I want it to stay"falloutie" with sand, rocks, radiation, pills, nuca cola, deathclaws, abandoned buildings with skeletons in them smoking a cigarette, and so on. Maybe one thing would have been cool though: Perhaps Fallout 5 could have an even deeper subterranean system with its own kind of species growing. Having a deeper system, perhaps with semi-radiated sulfuric water, could have been interesting to explore as creatures would not have been fully mutated and for example, if they were also living in pitch black they could have been given some unique and terrifying looks.

I would have loved the see some of the creatures being a bit more intelligent and harder to kill. Perhaps the Deathclaws could mutate a little more into really terrifying creatures, not as brainy as the Xenomorph from the Alien movie, but more of a dangerous adversary, a thing you have to be very careful off, maybe even throughout the game. It would be a big step from one-shotting them with the Abilene Kid LE BB gun in Fallout: New Vegas with a few perk skills in crit and stealth.

What they really need to do is to bring back much, MUCH better dialogue options. Dialogue options in Fallout4 were really bad and if the developers don't believe we are moving into an idiocracy, it's pretty safe to say that a few more dialogue options would not make our brain collapse on itself. The base building and weapons customizations I would love with much more in-depth design, I think they got a lot to go on there. Overall, staying Fallout would be the best thing. Not trying to reinvent the wheel too much and not repeating mistakes from the past.
 
Nov 27, 2020
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I hope I'll be alive and healthy by the time of FO5 releases, but I think we're looking at a minimum of it being eight years away. A lot of what happens with FO5 will depend upon the success and reception of both Starfield and the next Elder Scrolls game.

I think we can safely assume that it will be a first-person perspective game and not a return to the isometric style, though I love both styles of gameplay. What I mainly want is a return to FO5 being a real RPG with an in-depth conversation system, real consequences from your character's choices and actions, as well as a reputation system as it relates to the people and factions. A more detailed leveling up system (as well as character creation) that is more than just selecting a single perk each time, like in FO4.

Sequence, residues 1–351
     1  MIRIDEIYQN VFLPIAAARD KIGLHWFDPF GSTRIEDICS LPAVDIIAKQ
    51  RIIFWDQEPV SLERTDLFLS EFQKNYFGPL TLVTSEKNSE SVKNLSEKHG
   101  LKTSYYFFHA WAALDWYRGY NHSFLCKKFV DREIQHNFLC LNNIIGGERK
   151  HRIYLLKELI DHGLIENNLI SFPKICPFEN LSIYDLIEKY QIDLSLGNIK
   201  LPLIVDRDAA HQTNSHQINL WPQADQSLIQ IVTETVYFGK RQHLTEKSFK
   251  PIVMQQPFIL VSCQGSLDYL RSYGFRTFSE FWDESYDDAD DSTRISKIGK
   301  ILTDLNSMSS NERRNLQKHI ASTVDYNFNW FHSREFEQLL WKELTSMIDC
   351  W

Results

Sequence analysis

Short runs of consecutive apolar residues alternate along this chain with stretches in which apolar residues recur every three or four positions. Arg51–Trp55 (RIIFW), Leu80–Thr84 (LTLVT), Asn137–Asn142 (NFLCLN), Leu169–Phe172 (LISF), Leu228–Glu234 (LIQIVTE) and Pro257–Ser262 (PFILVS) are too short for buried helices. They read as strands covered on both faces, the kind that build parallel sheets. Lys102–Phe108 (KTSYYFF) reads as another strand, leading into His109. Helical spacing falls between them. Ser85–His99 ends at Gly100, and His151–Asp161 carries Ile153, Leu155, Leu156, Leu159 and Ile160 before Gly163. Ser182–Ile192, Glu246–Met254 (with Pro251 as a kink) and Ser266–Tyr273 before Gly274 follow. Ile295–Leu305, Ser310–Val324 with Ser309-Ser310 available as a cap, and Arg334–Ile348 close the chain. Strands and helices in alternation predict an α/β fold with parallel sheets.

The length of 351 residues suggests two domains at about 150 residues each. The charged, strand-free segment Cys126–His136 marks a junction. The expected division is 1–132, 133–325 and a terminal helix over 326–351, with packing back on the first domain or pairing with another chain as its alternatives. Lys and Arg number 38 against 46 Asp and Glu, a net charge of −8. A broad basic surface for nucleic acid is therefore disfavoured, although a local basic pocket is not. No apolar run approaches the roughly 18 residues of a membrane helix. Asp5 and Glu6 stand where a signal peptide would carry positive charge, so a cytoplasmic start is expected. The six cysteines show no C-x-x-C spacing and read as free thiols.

All the Fallout games that I've played, FO1-4 as well as FONV, had their own merits and that post-apocalyptic atmosphere, which still remains unique to me, and I wouldn't want to lose that element of immersion. I don't really have a preference as to where the next location that FO5 is set, but it would be a dream if Bethesda could take all (or most) of the positive elements of those games and incorporate them into Fallout 5.
 
May 11, 2022
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I'd like to not be looking for a relative while fixing up a giant robot. These Bethesda storylines are getting old.

I really don't mind coming out of a vault for the millionth time though, that experience can be updated with each gen and still amaze me, it's the going downhill after that turns the games into a slog.

If they can make the rest of the game as engaging as the early game I'll be happy.
 
Man, I've been wanting TES VI for so long and putting up with discussion on Starfield for years. Skipping over TES VI and already discussing Fallout 5 doesn't make me too happy.

But on topic, I think by the time this comes out, we'll have chips implanted in our brains, and the game world will be projected directly onto our retinas.
 
Jan 23, 2020
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Rather than a proper Fallout 5, I can't help but wanna see a spinoff series that might not even use the Fallout brand name. Rather, I think it'd be worth it to have a new IP that takes place in the Fallout universe, but focuses on Europe rather than the United States.

Reason being is that the Great War in the Fallout universe was mostly focused around America vs China, and I imagine that most of the nuclear exchanges were isolated to that conflict. Obviously, said exchange would've affected life in Europe for the worse, though I imagine that since they were well away from the blast radii of America's nukes, I imagine the countries of Europe would've more or less rebuilt itself by the time Fallout 3 and 4 happens, albeit with a significant societal regression, although at a much more backwater state compared to modern Europe.